These flash fiction stories are regularly updated, so check back here from time to time.
You'll find stories like these in two of my books, available as Paperback or a Kindle read from Amazon.
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The Schooling Chair
Female singer

Kaine Rayne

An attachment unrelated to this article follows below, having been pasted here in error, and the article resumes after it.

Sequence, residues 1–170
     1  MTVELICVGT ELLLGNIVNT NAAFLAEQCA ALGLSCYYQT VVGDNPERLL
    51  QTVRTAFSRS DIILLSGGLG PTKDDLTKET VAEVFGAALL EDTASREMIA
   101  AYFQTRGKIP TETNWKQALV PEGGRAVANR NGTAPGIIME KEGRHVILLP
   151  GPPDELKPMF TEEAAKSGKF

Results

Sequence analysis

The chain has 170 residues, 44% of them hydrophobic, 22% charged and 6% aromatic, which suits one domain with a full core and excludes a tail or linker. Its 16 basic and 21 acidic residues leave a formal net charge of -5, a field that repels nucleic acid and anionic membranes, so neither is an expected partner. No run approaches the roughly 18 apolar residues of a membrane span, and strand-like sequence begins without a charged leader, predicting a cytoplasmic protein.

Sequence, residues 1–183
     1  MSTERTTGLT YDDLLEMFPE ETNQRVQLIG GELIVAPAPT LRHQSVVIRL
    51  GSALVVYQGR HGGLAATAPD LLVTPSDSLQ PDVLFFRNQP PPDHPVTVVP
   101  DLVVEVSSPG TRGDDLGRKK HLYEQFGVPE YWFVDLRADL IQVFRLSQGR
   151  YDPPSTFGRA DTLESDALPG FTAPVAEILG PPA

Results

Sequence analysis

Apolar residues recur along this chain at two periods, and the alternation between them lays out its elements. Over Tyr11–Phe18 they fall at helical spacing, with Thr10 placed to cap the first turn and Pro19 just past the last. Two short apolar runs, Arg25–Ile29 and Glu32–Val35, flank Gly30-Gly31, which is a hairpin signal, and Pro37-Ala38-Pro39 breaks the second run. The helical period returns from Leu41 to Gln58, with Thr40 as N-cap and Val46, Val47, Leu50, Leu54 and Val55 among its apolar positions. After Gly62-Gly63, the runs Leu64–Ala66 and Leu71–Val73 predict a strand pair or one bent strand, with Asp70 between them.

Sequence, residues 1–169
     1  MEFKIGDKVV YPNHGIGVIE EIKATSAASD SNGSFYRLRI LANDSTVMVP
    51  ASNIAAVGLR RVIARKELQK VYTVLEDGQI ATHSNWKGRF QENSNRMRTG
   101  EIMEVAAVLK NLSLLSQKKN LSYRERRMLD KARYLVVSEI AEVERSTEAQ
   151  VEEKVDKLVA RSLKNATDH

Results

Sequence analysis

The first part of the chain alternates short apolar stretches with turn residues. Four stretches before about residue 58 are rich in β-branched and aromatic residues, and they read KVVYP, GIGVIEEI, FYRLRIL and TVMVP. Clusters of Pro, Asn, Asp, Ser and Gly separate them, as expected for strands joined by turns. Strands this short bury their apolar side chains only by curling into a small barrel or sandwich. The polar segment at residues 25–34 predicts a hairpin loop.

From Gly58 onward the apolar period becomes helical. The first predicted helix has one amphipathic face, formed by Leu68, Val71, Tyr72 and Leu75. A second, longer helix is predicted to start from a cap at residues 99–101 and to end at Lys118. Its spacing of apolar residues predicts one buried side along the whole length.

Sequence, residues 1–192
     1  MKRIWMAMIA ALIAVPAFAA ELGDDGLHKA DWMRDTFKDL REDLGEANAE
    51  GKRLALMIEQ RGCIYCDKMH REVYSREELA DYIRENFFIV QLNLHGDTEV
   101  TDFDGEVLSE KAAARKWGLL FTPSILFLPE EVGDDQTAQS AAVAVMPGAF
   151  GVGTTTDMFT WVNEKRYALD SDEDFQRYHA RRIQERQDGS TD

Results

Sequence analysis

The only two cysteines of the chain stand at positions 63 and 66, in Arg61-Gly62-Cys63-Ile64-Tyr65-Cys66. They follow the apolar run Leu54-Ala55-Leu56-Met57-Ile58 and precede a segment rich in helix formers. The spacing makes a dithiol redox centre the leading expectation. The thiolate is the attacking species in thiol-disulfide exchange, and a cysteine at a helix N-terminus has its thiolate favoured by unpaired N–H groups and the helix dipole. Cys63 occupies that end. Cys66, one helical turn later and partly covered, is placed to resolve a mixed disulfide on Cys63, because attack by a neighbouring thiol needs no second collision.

Kaine Rayne was a singer. Born Katharine Ryan. Backing group, three friends from schooldays. You guessed it: the Humbrellas. Rarely turn up, these days. No contract. No regular band. Just clubs and pubs. Never seen a bigger stage, except from the auditorium. And two failed auditions. Tried to popularise her Rayne Dance on YouTube: an awkward robotic stance with angular actions. It never caught on. Always hoping for the big break. But not many scouts visit the low dives she mostly sings in. After the pole dancers move offstage, to titillate a few punters. Daughter Kelly, ‘you’re so beautiful Mummy,’ was told she was a star. Found two sultry YouTube downloads, but nothing in HMV, nothing in The Vocalist. Now starting her teens, wondering if her mum really does go out singing. Or is just meeting men. Kelly’s dad never says anything. If he knew anything, he’s not around to say it. Not since she was three. Tonight’s the big night, though. She’s been allowed out to a gig. One of Kaine’s rare appearances at a fairly respectable working men’s club in Oldham. She’s up there, now, in the once slinky, glittery, but faded red dress, seam-burstlingly stretched across a matronly figure, bottle blonde hair showing mouse brown roots and ruby lips belting out a medley of Ibiza hits. Solo. Some Joe on a keyboard. No Humbrellas. Working up the feeble energy of just ten dancers gyrating on a small square of parquet dance floor; all with joints stiff with age and joining in raucously; mistiming and muddling the words. She casts her eyes over to Kelly, awkwardly sandwiched at a beer loaded table, between a couple in their eighties and Uncle John. The one who stays over sometimes. Kelly looks like she’s about to burst into tears, she looks hot; and not in the way she would like to be thought of, at a real gig. Kaine finishes. A few odd pairs of clapping hands. Everyone just going on drinking, a banter of laughs and trips to the bar, as she walks, unnoticed by her audience, to take Kelly back home. In near silence. Perhaps it was wrong to bring her; break her dream. Not a fallen star. One that never reached the night sky. Now it is Kaine’s eyes that fill, shutting the door to her bedroom, leaving a subdued Kelly to slip into her own. The truth was out. She’d let her daughter down. A night of restless sleep. Not even Uncle John to comfort her. Then, another day. Sunday. And a slow crawl from rumpled bedsheets, opening the bedroom door and finding on it a great big golden star, cut from cardboard and covered in glitter; and a smiling Kelly at the top of the stairs.

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